To find carbon, look in the ocean
If you need lab equipment to look ‘sciencey’ and a little bit steampunk, Craig Neill (Senior Experimental Scientist in Ocean Carbon Observations at CSIRO) has just the thing.
A world-leading expert in ocean carbon measurement, Craig has designed and built a Dissolved Inorganic Carbon analyser to replace the existing system that’s been in use for the last 30 years.
Moreover, he’s installed both old and new analysers on CSIRO research vessel (RV) Investigator, where they’ve been in constant use for the FOCUS voyage and one will remain in action for the upcoming MISO voyage in early 2024.
With the help of AAPP PhD student Xiang Yang, Craig is verifying the new system against the old one. With more than 500 water samples from the CTD rosette analysed by both of them on this voyage, he’s very pleased with the results.
Craig actually trained with the inventor of the original system, the SOMMA (Single-Operator Multiparameter Metabolic Analyzer) coulometer-based system, in 1992.
A coulometric technique uses the amount of electric charge transferred in a chemical reaction as a proxy for measuring CO2 gas. The measure of the total amount of CO2 extracted from the sample is based on the electrical charge needed to maintain a constant pH in an electrochemical cell.
Craig says this is a tricky, sometimes temperamental process.
His new analyser measures dissolved carbon by collecting the CO2 extracted from the seawater sample and quantifying it with a laser spectrometer.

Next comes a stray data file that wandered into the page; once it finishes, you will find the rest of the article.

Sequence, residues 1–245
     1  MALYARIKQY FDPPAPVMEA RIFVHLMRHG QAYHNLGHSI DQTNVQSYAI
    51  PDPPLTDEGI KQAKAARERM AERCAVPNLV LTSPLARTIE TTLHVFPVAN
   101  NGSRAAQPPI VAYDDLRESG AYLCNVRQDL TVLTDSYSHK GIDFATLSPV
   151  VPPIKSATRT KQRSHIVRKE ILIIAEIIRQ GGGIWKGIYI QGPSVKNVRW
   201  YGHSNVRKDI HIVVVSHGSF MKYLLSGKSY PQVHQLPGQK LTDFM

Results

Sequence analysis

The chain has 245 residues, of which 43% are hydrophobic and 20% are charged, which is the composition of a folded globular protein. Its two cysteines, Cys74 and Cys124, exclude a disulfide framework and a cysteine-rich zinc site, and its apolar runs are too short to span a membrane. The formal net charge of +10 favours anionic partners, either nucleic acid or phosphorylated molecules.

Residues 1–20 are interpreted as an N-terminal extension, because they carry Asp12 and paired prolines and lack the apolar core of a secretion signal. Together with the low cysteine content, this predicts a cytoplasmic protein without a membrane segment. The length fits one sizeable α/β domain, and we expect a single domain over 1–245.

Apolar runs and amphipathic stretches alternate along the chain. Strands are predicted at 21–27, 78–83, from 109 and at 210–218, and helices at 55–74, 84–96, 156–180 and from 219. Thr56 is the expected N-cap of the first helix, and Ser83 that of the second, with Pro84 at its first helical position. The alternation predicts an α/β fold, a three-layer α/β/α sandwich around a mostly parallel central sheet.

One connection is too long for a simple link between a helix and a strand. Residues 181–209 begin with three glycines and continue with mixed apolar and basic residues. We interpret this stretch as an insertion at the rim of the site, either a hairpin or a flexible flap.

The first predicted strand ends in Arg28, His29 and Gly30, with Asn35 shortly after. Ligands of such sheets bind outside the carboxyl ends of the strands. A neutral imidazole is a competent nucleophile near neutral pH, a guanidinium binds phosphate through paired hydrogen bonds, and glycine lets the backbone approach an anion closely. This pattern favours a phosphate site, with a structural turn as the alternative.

While currently all the samples for Dissolved Inorganic carbon analysis come from the CTD casts, the next goal is to adapt the analyser for integrating with another system that continuously measures surface ocean pCO2 in the underway sampling lab, to add the ability to automatically measure dissolved inorganic carbon every 30 minutes.
Why measure Dissolved Inorganic Carbon?
Quantifying Dissolved Inorganic Carbon (DIC) is important because the ocean is the largest reservoir of carbon on the planet, storing 38,000 Gt carbon (as DIC) with a residence time of ~100,000 years (by comparison, the atmospheric carbon stock is ~860 Gt).
DIC in seawater consists of carbon in three forms: carbon dioxide (CO2), bicarbonate (HCO3), and carbonate (CO3). The relative abundance of these three carbon compounds is controlled by the pH of the water.
Because of the continuous exchange between the surface of the ocean and the atmosphere, and the way CO2 reacts with seawater, the ocean has absorbed about 25% of human-caused CO2 emissions, with some 40% of this stored in the Southern Ocean. This climate service comes at a cost: the change in seawater chemistry leads to an increase in the oceanic CO2 and a coincident decrease in pH (more acidic) and carbonate saturation state, a chemical threshold that determines the energetic demand to marine calcifiers from ocean acidification – organisms building shells of skeletons from calcium carbonate.
This work is linked to ongoing efforts by the CSIRO Ocean Carbon Observations Team and the AAPP Biogeochemistry Project to quantify the uptake and storage of CO2 in the Southern Ocean. The team uses observations from voyages like the FOCUS campaign, and also from autonomous platforms.
Recently a compilation of nearly a decade of CO2 observations from the Southern Ocean Time Series observatory (SOTS) in the Sub-Antarctic Zone to the north of the FOCUS study region revealed changes in ocean chemistry resulting from anthropogenic CO2 uptake.
This research is supported by a grant of sea time on RV Investigator from the CSIRO Marine National Facility which is supported by the Australian Government’s National Collaborative Research Infrastructure Strategy (NCRIS).